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RESEARCH AND STUDY 77 Unfortunately, there are some bureaucratic restraints that cannot be overcome. For example> permission to visit a site not open to foreigners may be repeatedly denied, no matter how important it is to your project or how supportive your colleagues try to be. You should bear in mind that research opportunities in China are still developing, and part of your role involves laying the groundwork for colleagues and fellow students who will follow you. THE RESEARCH INSTITUTES Scholars hosted by a research institute have found that the character of their association with a particular unit is often determined by the kind of work to be done and where that work is to be conducted. Those working in the countryside may have little contact with their urban- based host institution beyond a welcoming banquet and a few visits to the research site. A collaborator from the institute may be assigned to the project, but access to materials and other resources is controlled by the local foreign affairs office. Because local offices often provide interpreters and assistants, the research team is sometimes composed of members from more than one unit; but in such cases, the researcher remains effectively "unitless" and must negotiate directly with bu- reaucratic organizations as the need arises. Researchers who have worked within the confines of an institute have been assigned a counterpart and a team of assistants from the unit who are responsible for making living and working arrangements on behalf of their foreign colleague. If travel is essential to the project, Chinese coworkers take care of the details and at least part of the team accom- panies the foreigner to negotiate with other organizations during the trip. Constant assistance from supportive collaborators not only frees the researcher, often working under a strict deadline, to concentrate on the work at hand but, in the opinion of one returned scientist, is "critical for the success of the project. Without them I would not have been able to complete my work." He advises others to write to their prospective units as soon as an assignment is made with a detailed outline of the research plan, the kind of materials and equipment needed, and the estimated time necessary to complete the project. It is essential that potential problems be identified and resolved early in the process; mis- understandings encountered once the work has begun can be particu- larly difficult to unravel in a situation in which the researcher is dependent on a small group of people with whom he or she must interact on a daily basis.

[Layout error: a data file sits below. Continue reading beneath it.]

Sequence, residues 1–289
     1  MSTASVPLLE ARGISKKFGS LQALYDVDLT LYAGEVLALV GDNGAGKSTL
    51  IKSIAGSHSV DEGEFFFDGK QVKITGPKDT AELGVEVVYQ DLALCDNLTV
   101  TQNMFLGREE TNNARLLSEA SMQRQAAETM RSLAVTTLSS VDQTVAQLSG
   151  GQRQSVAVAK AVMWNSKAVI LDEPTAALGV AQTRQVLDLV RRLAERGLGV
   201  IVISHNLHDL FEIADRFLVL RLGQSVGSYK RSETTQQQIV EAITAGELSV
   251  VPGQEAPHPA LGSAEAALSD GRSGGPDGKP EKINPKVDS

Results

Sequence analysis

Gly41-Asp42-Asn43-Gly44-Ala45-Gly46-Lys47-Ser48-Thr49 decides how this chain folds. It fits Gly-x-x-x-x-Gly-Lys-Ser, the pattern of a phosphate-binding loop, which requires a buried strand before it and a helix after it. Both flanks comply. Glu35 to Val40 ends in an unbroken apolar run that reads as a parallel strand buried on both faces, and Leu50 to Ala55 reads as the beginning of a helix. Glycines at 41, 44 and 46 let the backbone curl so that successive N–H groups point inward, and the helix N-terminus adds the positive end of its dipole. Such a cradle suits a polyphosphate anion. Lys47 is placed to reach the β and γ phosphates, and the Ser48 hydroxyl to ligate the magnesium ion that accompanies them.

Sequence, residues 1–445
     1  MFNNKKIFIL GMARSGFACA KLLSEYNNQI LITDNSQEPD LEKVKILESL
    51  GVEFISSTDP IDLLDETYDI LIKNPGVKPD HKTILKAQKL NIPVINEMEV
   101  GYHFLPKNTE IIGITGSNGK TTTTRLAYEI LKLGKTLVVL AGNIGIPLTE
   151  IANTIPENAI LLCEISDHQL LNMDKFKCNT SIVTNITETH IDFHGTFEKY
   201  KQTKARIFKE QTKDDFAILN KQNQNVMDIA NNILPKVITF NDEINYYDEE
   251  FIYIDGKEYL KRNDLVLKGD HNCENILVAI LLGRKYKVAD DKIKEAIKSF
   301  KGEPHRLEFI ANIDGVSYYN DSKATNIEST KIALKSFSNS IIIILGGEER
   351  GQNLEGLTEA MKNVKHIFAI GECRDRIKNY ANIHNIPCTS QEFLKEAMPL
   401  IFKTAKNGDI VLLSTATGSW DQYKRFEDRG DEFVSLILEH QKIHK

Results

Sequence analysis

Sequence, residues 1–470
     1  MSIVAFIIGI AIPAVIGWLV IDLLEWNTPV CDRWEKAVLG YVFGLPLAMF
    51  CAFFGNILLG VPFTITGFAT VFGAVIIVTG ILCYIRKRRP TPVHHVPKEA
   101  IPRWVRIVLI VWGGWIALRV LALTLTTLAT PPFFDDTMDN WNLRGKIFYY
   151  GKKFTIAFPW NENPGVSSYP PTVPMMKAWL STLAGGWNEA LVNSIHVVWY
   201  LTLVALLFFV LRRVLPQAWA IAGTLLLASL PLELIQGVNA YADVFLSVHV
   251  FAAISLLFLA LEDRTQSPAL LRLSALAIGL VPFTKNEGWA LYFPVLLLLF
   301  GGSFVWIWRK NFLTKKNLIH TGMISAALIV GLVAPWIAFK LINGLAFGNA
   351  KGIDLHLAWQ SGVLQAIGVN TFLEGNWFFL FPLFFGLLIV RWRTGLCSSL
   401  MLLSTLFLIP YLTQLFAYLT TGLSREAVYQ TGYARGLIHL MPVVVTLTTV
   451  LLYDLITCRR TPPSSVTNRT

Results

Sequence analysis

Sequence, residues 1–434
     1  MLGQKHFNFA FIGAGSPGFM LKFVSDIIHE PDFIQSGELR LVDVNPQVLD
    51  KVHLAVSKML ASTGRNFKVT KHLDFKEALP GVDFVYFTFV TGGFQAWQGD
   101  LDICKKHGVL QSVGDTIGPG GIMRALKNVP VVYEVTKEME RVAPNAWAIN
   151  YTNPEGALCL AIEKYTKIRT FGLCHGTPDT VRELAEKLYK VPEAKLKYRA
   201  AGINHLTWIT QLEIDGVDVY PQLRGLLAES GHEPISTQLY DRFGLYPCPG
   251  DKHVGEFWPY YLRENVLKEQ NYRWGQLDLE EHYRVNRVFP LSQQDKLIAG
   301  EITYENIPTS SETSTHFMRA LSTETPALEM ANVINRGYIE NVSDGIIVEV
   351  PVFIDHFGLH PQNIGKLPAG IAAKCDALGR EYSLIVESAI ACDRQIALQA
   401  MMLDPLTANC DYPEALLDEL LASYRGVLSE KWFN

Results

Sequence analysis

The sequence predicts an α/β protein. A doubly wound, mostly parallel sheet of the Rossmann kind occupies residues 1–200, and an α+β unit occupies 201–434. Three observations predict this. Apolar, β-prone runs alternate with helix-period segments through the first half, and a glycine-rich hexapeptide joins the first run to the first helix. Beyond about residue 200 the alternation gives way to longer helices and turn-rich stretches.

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78 CHINA BOUND Scholars engaged in research in China generally find their hosts will- ing to help in the professional as well as the personal realm, but they stress that effective collaboration and the success of the research project are impossible unless Chinese colleagues understand fully the objective and requirements of the work. Without such an understanding, col- leagues and the sponsoring unit will be unable to meet the researcher's professional needs. Most of the problems that have arisen derive less from antipathy or incompetence than from a failure to understand precisely what is needed by the foreign scholar. Certain problems are, however, endemic to the kind of bureaucratic structure that exists in China. You must always be sensitive to the difficulties and requirements of working within such a system and remember that it is important to avoid statements or actions that might jeopardize future requests. In most cases the foreigner's arrangements for activities outside the danwei, such as travel and housing, are taken care of by the foreign affairs office of the parent organization. For example, a researcher work- ing in one of the institutes under the aegis of the Chinese Academy of Social Sciences (CASS) would negotiate with the academy's foreign affairs officials for most matters of daily and work life. At times, when the foreign affairs office is either unable or unwilling to meet certain demands, it may be possible to ask colleagues within the institute to intervene but you should resort to this selectively. The relationship between the institutes and their umbrella organization is often an un- easy one. The Chinese research institutes have been affected by the country's push toward modernization in several ways. Although some receive funds from the parent academy, most are being encouraged to become self-sufficient. Competition for funds is fierce, and to make up for gaps in funding, many institutes are linking up with industry and other organizations. Some have allowed their personnel to engage in work as consultants. And some institutes have lost their most talented re- searchers to the recently established high-level think tanks that advise government organizations on policy. Like the universities, research in- stitutes have actively pursued links with the outside and have partic- ipated in exchanges. But unlike the universities, the institutes are somewhat less free to engage in their own activities because they still are part of a hierarchy and because they have limited resources for foreigners' research projects. The physical plant of most of the institutes is an indication of the relative poverty of the research units. Even the highest-level institutes under CASS are still housed in poorly main- tained buildings. Personnel complain bitterly about poor-quality food in the canteens, lack of living space, and inadequate housing. Many of the younger research unit personnel have not been formally educated because of the Cultural Revolution and attend special staff